Comic Review – “Ultimate X-Men Vol. 8: New Mutants”

I’m still trying to catch up on all those comic book
reviews. Here’s today’s review.

General Information

Title: Ultimate X-Men: The New Mutants

Author: Brian Michael Bendis

Illustrator(s): David Finch

Original Publication Date: Issues 40-45 were
published from December
2003 until May 2004.

Past comic reviews can be found here.

Premise

Newly identified mutants are creating complications
for the X-Men,
especially whent the government forms its own mutant
group to distance
the President from Charles Xavier.

High Point

Issue 41. Interesting ramifications, especially when
we think about
who may have sent Wolverine there. Very well done.

Low Point

Bendis’ version of Charles Xavier doesn’t fit my view
of how Millar
wrote him. I think Millar’s version would have been
guilty of the
accusation.

The Scores

This may be called “New Mutants,” but these aren’t
the new mutants I
remember. One of the classic new mutants is here,
but the rest of the
new ones are Angel, Emma Frost, Dazzler, Havok,
Polaris, and other
classic members of the X-Men. There’s also a new
direction for the
story that I haven’t seen in the mainstream. I give
it 5 out of 6.

The artwork by David Finch is just
fantastic. I can’t wait
to see this team dismantle the Avengers. I give it 6
out of 6.

The story is a good one. It’s interesting,
it’s compelling,
and I think it would even serve as a good jumping-on
point for those
who only know the X-Men from movies and cartoons. I
give it 5 out of
6.



The characterization is a big part of this,
bringing the new
mutants out in ways that teach us about them and make
us care about
them. Apart from what I perceive as a shift in
Xavier, it’s very well
done. I give it 4 out of 6.

The emotional response is good, particularly
at the end of
issue 44. I’ve been waiting for Havok and Angel to
show up for a
while, and Angel is very well done. (Havok doesn’t
get enough space to
really let us know how this version works.) This
take on Dazzler is
pretty interesting, too. I give it 6 out of 6.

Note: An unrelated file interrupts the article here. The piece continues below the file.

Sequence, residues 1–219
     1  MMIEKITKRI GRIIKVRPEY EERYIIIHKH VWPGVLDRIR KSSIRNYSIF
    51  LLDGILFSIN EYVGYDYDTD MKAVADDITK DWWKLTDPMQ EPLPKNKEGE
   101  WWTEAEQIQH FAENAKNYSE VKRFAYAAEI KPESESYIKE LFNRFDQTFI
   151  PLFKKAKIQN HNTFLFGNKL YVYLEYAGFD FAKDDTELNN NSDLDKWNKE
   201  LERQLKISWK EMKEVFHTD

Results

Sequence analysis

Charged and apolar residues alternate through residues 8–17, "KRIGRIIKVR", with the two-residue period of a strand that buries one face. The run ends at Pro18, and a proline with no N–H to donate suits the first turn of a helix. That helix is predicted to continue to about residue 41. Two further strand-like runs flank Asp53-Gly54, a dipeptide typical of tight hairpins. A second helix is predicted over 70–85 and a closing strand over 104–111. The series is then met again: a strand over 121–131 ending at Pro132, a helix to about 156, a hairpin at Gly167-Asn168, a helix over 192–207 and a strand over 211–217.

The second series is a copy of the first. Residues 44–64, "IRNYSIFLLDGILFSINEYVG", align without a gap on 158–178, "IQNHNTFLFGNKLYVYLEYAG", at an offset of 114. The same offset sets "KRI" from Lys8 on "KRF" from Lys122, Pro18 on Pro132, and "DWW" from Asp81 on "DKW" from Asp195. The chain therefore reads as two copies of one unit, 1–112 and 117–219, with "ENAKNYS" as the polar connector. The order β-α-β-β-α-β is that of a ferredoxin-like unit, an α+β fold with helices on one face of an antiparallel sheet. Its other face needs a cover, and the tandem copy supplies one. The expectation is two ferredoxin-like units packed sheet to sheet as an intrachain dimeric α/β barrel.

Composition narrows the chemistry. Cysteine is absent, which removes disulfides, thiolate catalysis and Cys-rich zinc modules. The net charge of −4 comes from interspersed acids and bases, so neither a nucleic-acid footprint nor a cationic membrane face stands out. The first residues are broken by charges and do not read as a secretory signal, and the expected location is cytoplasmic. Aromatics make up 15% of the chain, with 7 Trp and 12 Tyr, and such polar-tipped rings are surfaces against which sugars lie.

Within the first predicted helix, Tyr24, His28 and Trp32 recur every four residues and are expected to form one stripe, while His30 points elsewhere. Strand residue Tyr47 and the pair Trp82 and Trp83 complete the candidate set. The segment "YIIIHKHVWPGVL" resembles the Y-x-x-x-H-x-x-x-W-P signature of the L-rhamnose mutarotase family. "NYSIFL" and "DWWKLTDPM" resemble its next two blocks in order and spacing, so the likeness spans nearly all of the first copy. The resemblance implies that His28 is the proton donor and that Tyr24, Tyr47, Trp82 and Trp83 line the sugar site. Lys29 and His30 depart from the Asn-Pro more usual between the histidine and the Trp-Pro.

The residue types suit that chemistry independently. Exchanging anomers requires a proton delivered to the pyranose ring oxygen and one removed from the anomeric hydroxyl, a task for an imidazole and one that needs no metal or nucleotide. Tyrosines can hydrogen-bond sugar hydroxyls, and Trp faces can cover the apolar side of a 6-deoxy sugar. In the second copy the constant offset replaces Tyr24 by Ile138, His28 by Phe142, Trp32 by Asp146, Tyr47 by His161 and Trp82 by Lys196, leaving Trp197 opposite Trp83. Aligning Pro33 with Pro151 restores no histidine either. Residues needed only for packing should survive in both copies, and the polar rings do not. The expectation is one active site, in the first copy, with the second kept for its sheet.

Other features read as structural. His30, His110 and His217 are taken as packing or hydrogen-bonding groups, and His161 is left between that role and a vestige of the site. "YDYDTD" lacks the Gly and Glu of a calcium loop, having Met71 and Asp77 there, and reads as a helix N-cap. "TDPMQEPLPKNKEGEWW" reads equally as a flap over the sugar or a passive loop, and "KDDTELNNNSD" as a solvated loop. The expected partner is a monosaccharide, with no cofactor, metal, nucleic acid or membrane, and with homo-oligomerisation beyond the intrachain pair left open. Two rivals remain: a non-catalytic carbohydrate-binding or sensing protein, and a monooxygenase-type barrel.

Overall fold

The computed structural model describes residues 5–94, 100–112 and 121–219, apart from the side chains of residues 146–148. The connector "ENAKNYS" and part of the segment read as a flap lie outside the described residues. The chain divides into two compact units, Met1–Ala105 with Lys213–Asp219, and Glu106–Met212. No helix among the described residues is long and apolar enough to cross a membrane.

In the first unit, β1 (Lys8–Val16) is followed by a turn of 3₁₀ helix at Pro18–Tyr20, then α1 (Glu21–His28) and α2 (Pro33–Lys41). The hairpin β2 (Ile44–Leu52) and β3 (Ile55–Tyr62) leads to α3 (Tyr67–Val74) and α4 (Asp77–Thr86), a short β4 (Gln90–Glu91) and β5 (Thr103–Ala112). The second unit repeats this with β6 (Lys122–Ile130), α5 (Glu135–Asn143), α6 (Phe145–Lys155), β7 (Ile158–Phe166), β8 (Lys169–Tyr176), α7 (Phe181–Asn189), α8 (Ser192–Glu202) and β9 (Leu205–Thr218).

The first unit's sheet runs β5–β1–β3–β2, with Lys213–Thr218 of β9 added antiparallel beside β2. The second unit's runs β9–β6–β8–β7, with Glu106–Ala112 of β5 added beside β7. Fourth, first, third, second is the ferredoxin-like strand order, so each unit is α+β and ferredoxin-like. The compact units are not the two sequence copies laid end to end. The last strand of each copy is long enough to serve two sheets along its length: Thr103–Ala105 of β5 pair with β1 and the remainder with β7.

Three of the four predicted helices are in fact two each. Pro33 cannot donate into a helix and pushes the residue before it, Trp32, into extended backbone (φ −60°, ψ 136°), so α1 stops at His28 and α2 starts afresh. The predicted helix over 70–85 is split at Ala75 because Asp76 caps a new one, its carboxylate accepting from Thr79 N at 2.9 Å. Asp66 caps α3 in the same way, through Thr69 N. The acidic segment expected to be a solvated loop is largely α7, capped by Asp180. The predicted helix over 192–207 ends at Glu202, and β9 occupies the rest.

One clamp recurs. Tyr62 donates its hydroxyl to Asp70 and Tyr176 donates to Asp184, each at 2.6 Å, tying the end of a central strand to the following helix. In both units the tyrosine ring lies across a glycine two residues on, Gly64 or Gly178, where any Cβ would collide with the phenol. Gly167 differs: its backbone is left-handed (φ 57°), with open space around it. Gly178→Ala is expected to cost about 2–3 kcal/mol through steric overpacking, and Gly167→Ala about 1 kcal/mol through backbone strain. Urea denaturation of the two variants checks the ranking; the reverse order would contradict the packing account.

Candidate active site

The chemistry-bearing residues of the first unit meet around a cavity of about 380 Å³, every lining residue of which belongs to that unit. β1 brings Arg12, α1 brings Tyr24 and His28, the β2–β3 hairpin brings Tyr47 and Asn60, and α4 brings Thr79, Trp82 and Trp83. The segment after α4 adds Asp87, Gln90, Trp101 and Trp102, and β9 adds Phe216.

The flow pick up, but at the beginning, the
first two issues
seem pretty disjoint. It’s not until the third issue
of the story
that the first two start to fit together, which is a
problem for this
category. I give it 4 out of 6.

Overall, it’s a good story arc, which will
be very enjoyable for
people who prefer Xavier closer to his original
incarnation than what
Millar was writing. (I preferred having the two
versions more
distinct, myself.) I give it 5 out of 6.

In total, Ultimate X-Men: New Mutants
receives 35 out of 42.

One reply

  1. Babbster says:

    Resetting Ultimate Xavier A Bit
    My feeling is that the change in Ultimate Xavier’s character was necessary and, to some extent, justified by events. He’s the most powerful telepath on the planet and if there is going to be any kind of government connection with, and acceptance of, mutants he can’t be as devious as he has been portrayed earlier in the series. If there was evidence that he and the X-Men could easily return to self-sufficiency then he could probably have gone on unchanged, but that door was closed with the revelations about Xavier’s finances. As a bonus, since the world already knows about him, it would be hard for him to use his abilities for any big-time money/stock manipulation without the possibility of destroying the world economy (just imagine the market reaction if no analyst or broker could be trusted to be free of invisible, telepathic influence – it gets bad enough when the influence can actually be certain and traced to Bahamian accounts).

    Of course, it’s also possible that we’re being set up for a revelation that Xavier’s mellowing is yet another of his ploys, which could also be an interesting direction in which to travel.

    My only complaint has to do with the event mentioned in “emotional response.” I mean, damn, how much punishment did they have to mete out on one of my all-time favorite muties? It was well done, but damn…

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